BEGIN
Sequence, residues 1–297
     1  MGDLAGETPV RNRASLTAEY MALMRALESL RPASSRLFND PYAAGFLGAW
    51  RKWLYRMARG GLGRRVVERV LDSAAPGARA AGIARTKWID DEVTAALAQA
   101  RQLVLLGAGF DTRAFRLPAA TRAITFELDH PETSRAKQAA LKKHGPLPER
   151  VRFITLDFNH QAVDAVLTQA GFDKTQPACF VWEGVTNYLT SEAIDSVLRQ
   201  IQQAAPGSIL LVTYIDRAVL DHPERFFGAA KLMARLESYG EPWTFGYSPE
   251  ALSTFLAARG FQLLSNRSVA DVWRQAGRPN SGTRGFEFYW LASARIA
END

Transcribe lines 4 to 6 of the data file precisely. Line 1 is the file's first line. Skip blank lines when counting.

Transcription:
   101  RQLVLLGAGF DTRAFRLPAA TRAITFELDH PETSRAKQAA LKKHGPLPER
   151  VRFITLDFNH QAVDAVLTQA GFDKTQPACF VWEGVTNYLT SEAIDSVLRQ
   201  IQQAAPGSIL LVTYIDRAVL DHPERFFGAA KLMARLESYG EPWTFGYSPE